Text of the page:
Central Okanagan  

Minister uncorks trade plan

It has been two years since the 'Free my Grapes' Bill C-311 was passed by the federal government and still only two provinces, BC and Manitoba, have removed the barriers for wine trade. 

Federal Industry Minister James Moore was in Kelowna Friday as part of a national tour to re-commit to getting the other provinces to sign on.

Moore says the government has plans in place to break down the provincial barriers to trade within Canada that he says cripple the national economy and hurt Canadian consumers and businesses.

“We are going to be sitting down with individual provinces and getting much more aggressive with them and asking them to show real leadership. We, as a country, are open to other countries around the world having free access to the Canadian economy and yet BC companies cannot get free access to their own Canada economy. We need to be as good to ourselves as we are international distributors,” says Moore.

Moore is optimistic some real change can happen across Canada.

“We understand that provinces have to assert and represent their interests effectively, but what is irresponsible is provinces to put in place discriminatory policies that are clearly based only on protecting and isolating local economies and preventing Canada's economy from growing,” says Moore.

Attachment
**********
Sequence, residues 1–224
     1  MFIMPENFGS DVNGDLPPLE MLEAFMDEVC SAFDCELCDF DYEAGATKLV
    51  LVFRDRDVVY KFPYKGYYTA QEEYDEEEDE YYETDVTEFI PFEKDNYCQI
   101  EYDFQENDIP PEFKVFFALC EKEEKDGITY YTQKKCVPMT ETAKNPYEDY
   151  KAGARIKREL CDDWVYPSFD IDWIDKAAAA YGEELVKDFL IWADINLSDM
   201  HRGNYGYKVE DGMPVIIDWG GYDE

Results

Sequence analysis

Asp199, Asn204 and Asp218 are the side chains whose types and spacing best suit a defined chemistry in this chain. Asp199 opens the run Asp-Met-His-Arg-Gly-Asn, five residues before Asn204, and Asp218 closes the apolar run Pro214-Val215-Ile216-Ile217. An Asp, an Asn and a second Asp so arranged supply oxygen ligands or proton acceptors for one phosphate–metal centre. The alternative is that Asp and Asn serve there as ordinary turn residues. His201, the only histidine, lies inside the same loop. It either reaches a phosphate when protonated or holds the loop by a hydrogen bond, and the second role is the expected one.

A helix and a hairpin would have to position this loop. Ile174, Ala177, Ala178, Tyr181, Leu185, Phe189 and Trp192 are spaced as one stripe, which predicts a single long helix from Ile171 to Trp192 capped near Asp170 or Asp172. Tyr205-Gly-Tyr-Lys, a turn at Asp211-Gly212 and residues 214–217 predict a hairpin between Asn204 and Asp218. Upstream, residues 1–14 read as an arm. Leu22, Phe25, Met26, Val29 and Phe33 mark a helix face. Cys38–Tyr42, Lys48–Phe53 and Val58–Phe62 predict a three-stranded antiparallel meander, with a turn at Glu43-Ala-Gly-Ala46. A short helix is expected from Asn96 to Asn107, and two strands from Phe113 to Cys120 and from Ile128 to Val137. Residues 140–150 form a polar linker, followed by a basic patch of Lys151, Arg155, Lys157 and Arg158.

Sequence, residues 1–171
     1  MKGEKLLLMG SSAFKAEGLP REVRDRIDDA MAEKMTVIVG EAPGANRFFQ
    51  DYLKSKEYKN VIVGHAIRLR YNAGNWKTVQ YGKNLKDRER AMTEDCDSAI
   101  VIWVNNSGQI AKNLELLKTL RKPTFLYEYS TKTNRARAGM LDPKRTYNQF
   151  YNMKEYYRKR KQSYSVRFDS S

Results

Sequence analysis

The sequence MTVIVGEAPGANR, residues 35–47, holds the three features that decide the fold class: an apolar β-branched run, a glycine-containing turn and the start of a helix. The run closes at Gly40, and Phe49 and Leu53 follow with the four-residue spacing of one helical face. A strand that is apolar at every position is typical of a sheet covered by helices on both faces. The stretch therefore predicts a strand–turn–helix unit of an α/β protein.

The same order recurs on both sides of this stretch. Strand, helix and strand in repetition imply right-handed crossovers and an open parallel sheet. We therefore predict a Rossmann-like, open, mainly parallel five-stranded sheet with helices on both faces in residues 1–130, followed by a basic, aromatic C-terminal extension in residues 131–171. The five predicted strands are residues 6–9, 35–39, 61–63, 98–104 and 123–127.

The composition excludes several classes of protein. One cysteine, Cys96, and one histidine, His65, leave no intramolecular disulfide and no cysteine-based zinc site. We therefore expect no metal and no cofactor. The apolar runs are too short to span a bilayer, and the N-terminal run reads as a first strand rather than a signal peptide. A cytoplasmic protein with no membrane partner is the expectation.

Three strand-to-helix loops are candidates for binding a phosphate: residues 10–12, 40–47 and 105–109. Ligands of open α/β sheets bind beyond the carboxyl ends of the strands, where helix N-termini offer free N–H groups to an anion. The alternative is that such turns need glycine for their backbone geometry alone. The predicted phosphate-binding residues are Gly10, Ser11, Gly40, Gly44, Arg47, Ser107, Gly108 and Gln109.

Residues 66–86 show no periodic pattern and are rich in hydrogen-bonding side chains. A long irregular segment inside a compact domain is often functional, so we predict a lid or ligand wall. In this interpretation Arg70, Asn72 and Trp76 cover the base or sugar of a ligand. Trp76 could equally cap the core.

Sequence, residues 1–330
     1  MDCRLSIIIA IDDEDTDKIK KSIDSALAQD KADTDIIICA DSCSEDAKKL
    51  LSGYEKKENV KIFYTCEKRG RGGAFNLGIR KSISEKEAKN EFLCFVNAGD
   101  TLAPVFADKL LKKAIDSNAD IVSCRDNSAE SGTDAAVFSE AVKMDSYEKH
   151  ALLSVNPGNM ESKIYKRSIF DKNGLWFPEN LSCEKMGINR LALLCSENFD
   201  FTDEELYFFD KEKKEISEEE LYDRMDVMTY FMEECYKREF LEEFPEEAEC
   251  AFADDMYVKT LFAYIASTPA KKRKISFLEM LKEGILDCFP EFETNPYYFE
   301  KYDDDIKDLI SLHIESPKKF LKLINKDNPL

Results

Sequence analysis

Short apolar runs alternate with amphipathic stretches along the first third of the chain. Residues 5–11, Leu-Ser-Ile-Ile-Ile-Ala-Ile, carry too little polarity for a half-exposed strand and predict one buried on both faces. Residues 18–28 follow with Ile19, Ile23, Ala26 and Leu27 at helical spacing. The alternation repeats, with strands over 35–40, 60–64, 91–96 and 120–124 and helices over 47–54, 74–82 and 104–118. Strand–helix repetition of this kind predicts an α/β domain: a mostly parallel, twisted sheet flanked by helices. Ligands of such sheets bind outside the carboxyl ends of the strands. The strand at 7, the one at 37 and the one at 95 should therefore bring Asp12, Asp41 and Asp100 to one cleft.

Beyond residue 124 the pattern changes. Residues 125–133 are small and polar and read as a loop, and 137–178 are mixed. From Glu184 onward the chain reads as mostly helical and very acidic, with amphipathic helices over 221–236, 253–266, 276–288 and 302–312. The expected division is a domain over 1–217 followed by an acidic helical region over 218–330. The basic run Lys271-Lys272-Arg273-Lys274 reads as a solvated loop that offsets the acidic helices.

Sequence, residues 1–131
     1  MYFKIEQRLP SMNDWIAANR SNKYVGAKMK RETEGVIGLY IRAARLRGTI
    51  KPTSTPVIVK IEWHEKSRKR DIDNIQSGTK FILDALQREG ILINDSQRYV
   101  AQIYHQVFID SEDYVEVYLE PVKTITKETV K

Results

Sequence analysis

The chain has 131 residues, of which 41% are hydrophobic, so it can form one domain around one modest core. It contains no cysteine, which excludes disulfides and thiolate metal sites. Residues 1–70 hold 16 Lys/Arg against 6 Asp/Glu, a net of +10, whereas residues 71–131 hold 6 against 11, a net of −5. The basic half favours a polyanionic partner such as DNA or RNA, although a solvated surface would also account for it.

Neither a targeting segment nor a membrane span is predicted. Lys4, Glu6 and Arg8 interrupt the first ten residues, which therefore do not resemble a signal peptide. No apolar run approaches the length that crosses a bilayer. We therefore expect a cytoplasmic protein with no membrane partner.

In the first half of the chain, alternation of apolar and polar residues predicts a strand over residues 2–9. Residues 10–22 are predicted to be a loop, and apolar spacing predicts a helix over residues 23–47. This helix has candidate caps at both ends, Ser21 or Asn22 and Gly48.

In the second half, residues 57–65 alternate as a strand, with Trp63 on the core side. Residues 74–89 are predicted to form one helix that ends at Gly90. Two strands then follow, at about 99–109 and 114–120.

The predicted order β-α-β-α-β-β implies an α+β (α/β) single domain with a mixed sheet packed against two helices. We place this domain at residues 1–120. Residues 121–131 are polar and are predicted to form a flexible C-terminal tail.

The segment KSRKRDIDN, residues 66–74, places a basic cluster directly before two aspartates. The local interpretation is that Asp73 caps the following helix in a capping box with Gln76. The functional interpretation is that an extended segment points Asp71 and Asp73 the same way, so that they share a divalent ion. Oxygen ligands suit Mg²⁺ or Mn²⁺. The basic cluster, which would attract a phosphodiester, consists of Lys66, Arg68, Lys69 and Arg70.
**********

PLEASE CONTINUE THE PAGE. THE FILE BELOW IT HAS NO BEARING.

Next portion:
He strongly believes that our internal borders should not have more red tape than our international borders and that we need our products to flow freely from sea to sea.

Later this summer Moore and the provinces are going to discuss a brand new free trade agreement within Canada so that BC wine and all products can freely flow across the country.

The plan is to rewrite the antiquated Agreement on Internal Trade, drafted over 20-years-ago, to bring it in line with the current global economic reality. 


Comments are pre-moderated to ensure they meet our guidelines. Approval times will vary. Keep it civil, and stay on topic. If you see an inappropriate comment, please use the ‘flag’ feature. Comments are the opinions of the comment writer, not of Castanet. Comments remain open for one day after a story is published and are closed on weekends. Visit Castanet’s Forums to start or join a discussion about this story.

More Central Okanagan articles